Our Michigan Baseball Heritage series explores the rich cultural history of professional baseball in the state of Michigan of which the Detroit Tigers are a part.
For those seeking a way to place the Page Fence Giants on the black baseball continuum, the task is a diﬃcult one. Figuring out why no one has ever written on book on this championship baseball team may be a bit easier to discern. Here are my thoughts as to why this team has been ignored throughout baseball history.
Playing in Adrian, Michigan, a small Midwestern town, they were stuck between the big city teams from Chicago and the eastern powerhouse Cuban Giants and Cuban X Giants. While baseball had been played in Michigan since the time of the Civil War, the state’s most inﬂuential city, Detroit, mostly ignored the team for the ﬁrst two years of the Giants’ existence. Unlike today, where about 90 percent of Detroit consists of black residents, during the 1890s that population demographic numbered only a few thousand. So, news coverage from the state’s most prominent city was left to a white-owned newspaper in a still mostly white town.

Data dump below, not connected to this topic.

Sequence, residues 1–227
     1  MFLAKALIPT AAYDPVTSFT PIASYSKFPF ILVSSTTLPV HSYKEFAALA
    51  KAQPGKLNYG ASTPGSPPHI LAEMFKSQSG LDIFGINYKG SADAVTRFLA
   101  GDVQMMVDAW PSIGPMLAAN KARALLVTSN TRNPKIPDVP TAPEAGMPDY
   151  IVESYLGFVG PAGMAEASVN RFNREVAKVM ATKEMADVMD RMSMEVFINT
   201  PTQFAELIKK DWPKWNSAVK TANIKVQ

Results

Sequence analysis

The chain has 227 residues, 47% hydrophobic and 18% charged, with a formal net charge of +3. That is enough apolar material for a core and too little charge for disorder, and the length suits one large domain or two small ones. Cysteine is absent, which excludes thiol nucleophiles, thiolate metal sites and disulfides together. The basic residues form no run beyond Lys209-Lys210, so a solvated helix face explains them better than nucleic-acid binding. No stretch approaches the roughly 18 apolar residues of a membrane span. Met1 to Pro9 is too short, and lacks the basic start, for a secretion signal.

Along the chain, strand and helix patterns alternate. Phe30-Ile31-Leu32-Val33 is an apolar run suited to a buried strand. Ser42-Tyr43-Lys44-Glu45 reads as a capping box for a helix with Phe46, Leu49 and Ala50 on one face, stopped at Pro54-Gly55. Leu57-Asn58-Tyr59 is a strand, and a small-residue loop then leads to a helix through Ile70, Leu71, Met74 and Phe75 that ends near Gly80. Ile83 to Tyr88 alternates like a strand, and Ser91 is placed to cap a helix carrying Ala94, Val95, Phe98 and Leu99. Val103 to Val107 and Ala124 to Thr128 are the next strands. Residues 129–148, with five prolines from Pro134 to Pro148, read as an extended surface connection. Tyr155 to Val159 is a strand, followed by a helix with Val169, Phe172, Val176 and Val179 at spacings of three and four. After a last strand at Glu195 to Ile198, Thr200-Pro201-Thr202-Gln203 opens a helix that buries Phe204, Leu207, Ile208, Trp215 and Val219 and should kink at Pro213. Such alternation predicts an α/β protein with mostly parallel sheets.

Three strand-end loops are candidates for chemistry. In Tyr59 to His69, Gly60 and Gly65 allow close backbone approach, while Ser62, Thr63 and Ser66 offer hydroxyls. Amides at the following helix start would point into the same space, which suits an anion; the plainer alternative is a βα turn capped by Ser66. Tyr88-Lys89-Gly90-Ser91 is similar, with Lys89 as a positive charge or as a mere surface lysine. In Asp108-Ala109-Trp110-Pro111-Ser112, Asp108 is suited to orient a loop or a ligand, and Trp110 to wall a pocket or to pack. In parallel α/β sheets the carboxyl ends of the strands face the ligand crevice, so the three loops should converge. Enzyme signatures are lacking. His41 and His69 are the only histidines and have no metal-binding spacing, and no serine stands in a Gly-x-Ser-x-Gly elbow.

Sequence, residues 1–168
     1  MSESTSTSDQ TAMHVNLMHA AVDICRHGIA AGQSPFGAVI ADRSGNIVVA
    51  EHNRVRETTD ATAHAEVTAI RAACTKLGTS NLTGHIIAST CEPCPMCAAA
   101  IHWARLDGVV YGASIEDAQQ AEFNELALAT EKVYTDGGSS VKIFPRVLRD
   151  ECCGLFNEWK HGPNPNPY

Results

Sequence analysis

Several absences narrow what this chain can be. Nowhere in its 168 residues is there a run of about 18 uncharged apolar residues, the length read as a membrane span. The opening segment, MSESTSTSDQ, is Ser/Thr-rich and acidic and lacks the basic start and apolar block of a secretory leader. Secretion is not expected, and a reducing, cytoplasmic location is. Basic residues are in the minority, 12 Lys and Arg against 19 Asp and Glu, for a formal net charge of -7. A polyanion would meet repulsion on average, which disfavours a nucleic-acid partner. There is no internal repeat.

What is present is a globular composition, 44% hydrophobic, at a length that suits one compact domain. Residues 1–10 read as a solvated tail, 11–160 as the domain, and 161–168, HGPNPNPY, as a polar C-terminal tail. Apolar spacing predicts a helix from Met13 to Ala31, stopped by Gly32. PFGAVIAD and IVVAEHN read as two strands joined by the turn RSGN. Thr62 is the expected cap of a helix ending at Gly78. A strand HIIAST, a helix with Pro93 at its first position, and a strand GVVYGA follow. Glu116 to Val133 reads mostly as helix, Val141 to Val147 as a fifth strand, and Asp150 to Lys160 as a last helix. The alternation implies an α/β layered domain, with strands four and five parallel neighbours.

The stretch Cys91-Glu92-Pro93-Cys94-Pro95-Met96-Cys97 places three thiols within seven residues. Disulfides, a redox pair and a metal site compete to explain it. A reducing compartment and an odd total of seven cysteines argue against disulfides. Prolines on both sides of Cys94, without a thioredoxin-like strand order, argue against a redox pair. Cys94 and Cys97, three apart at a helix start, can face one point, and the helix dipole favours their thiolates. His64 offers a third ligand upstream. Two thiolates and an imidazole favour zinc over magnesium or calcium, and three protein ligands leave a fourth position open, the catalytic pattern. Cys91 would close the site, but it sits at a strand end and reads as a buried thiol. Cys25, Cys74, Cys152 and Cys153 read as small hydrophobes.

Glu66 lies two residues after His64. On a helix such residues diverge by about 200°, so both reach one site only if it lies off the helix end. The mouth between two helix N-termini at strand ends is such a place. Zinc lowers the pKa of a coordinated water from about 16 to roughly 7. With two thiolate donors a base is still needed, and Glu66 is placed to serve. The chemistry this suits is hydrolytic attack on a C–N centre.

When Bud Fowler’s grandiose and latest baseball scheme was revealed in the summer of 1894, the Page Fence Giants emerged. This club wouldn’t be conﬁned to playing the adjacent villages of Lenawee County for their competition. Instead, they would venture across a dozen Midwestern states and Ontario, Canada, all while traveling in an expensively and palatially furnished train car. A pre-game bike parade and singing and clowning on the ball ﬁeld became part of the Page Fence Giants show, similar to the Harlem Globetrotters of later basketball fame. While this all-star contingent of black men would play against town clubs, they also spent a sizable portion of their schedule facing major league, minor league and semi-professional teams, some armed with hired ringers to attempt to defeat the mighty Giants.
Excerpt from the preface of The Page Fence Giants, A History of Black Baseball’s Pioneering Champions, published in 2018 by McFarland Publishing. Winner of a 2019 Michigan Notable Book Award. Used by permission of the author.